March 1, 2007

The Power of One

Filed under: Business — Tom @ 12:29 am

Companies spend countless sums of money to build their brand. But these days, they seem to put less and less into the people who interact with their customers — even though those people can trash all that brand value in an instant. Seth Godin touched on this when he recently blogged about how companies train people to follow the rules and do what they’re told, rather than to be passionate and inventive in their work.

The truly sad thing is it only takes one. One moment. One bad experience. And you’ve lost. Of course, I have a specific example in mind:

I’ve been a member of American Airline’s frequent flier program for many years starting with my first job. Since 2000 or so, I’ve flown American almost exclusively. Beginning in 2002, I started traveling a lot and was in the top tier of the AAdvantage program starting in 2003. I’d become an evangelist for the airline — I’d often take a longer flight with connections so I could stay on American, and I encouraged my colleagues to fly American as well.

Part of the deal when you reach Executive Platinum status with American Airlines is that you receive 8 special upgrades that will let you upgrade one-way anywhere in the world. These are good only for the year they’re awarded and expire along with your status in February. Because Executive Platinum also gave me free upgrades in the U.S., I only used them internationally usually had some left over at the end of each year.

So for the last few years, every February I’d go to the airport earlier than necessary, find a departing international flight, and choose some people semi-randomly for free upgrades. Last year, the customer service rep at American Airlines really got in the spirit of things. She helped upgrade this girl from Chicago to Japan, but it took a long time and I had to get on my own flight. So I asked her if she could do me a favor — just pick some people and use up my last two or three certificates before they expired. She seemed taken aback by the request. But when I landed, there was a message from her saying letting me know that she’d found some people, they really appreciated it, and that she thought it was a really nice thing to do.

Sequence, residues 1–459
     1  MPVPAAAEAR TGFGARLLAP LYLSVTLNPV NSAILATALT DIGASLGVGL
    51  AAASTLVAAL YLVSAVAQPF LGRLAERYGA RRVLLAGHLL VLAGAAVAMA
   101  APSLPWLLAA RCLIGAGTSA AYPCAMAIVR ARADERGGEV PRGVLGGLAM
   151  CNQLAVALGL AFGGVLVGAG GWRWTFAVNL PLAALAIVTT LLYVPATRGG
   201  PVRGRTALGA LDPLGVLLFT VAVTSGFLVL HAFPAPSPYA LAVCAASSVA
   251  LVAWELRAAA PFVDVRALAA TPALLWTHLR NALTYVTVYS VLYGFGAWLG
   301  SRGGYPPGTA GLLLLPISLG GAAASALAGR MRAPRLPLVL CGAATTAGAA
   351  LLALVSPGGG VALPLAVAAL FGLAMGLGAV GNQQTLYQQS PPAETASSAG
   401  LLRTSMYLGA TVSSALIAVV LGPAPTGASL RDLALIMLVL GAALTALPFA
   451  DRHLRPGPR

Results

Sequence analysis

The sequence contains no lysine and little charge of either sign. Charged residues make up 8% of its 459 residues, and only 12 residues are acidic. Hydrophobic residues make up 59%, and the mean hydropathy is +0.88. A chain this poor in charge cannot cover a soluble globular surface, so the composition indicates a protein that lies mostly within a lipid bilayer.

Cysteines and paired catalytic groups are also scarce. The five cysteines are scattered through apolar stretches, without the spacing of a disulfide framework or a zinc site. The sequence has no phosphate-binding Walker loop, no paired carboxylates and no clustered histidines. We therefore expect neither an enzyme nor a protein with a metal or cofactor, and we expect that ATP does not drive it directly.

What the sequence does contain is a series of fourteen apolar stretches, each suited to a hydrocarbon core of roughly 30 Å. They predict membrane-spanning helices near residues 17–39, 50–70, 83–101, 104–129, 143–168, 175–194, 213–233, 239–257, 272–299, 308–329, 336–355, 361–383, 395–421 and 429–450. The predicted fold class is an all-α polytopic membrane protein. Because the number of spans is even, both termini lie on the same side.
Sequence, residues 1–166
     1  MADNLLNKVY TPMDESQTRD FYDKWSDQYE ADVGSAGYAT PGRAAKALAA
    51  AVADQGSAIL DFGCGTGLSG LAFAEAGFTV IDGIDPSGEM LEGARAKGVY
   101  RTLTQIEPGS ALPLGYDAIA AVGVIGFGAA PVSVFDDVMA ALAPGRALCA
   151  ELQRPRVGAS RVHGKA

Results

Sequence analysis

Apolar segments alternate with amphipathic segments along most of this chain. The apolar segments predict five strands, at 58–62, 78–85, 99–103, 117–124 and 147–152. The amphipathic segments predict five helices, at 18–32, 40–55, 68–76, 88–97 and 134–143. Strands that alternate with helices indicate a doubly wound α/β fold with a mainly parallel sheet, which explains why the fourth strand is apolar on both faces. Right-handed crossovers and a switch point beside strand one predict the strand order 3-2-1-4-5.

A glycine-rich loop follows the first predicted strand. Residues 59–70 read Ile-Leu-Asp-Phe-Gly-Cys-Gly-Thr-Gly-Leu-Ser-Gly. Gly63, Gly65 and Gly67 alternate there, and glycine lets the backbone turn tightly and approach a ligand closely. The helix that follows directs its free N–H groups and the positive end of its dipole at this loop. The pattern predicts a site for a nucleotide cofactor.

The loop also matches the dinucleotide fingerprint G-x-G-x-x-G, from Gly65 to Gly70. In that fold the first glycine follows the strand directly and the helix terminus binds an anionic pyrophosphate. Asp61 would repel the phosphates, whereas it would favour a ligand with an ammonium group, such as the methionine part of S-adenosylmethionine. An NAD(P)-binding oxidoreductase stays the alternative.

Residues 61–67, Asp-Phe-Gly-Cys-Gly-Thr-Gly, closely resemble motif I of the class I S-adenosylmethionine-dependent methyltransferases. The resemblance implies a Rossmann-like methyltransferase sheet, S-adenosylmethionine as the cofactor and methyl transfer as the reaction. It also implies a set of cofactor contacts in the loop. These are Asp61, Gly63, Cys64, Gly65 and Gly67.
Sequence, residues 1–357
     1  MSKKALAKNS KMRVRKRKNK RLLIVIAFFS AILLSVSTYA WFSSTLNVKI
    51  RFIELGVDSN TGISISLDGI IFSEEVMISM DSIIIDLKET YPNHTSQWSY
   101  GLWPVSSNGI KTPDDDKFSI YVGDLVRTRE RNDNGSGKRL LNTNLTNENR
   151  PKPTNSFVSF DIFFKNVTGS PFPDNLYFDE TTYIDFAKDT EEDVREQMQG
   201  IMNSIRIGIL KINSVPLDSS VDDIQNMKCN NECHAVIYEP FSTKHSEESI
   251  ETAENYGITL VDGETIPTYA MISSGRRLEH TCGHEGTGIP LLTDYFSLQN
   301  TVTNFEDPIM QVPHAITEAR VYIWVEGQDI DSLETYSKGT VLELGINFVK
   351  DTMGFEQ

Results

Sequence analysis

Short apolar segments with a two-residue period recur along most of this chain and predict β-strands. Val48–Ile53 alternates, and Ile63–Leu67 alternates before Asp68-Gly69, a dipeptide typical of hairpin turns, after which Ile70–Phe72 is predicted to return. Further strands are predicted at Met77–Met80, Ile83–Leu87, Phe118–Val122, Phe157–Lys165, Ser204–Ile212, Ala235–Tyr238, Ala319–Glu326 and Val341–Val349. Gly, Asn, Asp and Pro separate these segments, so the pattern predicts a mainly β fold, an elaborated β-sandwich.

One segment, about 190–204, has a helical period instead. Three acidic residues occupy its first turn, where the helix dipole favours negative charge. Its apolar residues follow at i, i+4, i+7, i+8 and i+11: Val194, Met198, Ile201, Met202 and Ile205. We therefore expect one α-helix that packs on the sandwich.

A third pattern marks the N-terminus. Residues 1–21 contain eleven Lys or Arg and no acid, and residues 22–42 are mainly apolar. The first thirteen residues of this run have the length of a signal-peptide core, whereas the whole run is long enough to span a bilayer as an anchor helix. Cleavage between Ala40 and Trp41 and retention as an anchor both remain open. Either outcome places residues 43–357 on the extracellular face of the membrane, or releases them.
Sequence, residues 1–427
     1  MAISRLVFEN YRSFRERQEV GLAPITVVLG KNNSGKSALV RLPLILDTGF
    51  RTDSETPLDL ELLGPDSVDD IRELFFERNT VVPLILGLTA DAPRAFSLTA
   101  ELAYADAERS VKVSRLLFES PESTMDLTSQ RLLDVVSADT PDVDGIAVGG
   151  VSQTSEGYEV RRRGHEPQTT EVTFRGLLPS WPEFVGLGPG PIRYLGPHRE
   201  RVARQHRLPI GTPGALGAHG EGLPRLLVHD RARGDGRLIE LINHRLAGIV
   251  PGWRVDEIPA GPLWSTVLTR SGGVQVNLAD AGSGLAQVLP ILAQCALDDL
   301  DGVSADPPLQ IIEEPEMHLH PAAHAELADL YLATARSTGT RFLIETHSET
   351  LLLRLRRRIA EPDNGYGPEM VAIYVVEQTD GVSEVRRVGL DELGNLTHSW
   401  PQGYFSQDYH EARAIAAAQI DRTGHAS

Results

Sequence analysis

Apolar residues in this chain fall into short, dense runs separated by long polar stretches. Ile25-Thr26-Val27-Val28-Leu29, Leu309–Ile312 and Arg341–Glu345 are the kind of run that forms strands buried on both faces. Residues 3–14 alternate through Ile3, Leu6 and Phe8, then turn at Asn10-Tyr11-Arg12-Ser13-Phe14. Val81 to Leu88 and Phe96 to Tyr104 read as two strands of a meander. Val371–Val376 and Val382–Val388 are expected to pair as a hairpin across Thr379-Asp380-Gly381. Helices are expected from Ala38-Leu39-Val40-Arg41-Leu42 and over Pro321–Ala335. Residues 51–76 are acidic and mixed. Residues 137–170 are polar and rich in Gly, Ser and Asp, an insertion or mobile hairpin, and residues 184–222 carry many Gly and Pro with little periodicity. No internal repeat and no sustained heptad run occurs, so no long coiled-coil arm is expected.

Today is expiration day. I don’t travel much for my new job here in Portland, so in 4 minutes my frequent flier status will expire for the last time. I really don’t see myself doing 100,000 mile years again. I have six upgrades right now. They’ll expire in 4 minutes, too.

Since I’m not making weekly trips to the airport anymore, I called the Executive Platinum desk today. I asked the guy that answered the same thing I’d asked the woman the year before — could you please just pick six people to upgrade with my VIP certificates today?

“Do you have a flight number or record locator?”

No, no, just pick six people. Any international flight will do. There’s a Chicago to Heathrow that leaves around 5 p.m. and 8 p.m. Check those.

“Oh, no, I couldn’t do that. Our system doesn’t even work that way. I can’t just go looking for people like that.”

Well, someone did the same thing for me last year. She was great. I’m pretty sure you can. Try it.

“We’re not even supposed to do anything like that. She really went above and beyond. We’re not allowed.”

Really? The airline cares that you use my expiring upgrade to put some random person in an empty first class seat?

“That’s not something we do. She was going above and beyond.”

And so my upgrades expired.

Why? Doesn’t everyone hate flying these days? It’s just awful. With just a bit of effort, this guy could have reinforced my idea that American really is a great airline and thrilled a half dozen customers who would have talked about their awesome American flight for weeks, all for the cost of a couple empty seats. And for a few minutes, at least, he probably could have had some fun. (It really is a great feeling to tell someone staring at an eight-hour flight in coach that they’re going to get to fly business class or first.)

Instead, I’m probably not going to be evangelizing much anymore. Is this really what they teach their customer service people? I just keep thinking about what he said: “She really went above and beyond.” I don’t think he realized that it normally means that someone’s done something really fantastic. For him, I think it was the same as saying, “She did something she wasn’t supposed to.”

So, to my Executive Platinum service representative from 2006 — Thanks. Apparently, you’re one of a kind.


1 Comment »

  1. I’ve always thought that what makes a brand a brand is that it routinely goes “above and beyond” the usual. That’s what makes it remarkable. A brand’s employees can understand this because they deal with customers every day. They see where they can make a difference. However, if the company ties their hands, it also strangles the brand—and everyone is the poorer.

    Comment by Brian Phipps — March 1, 2007 @ 3:05 pm

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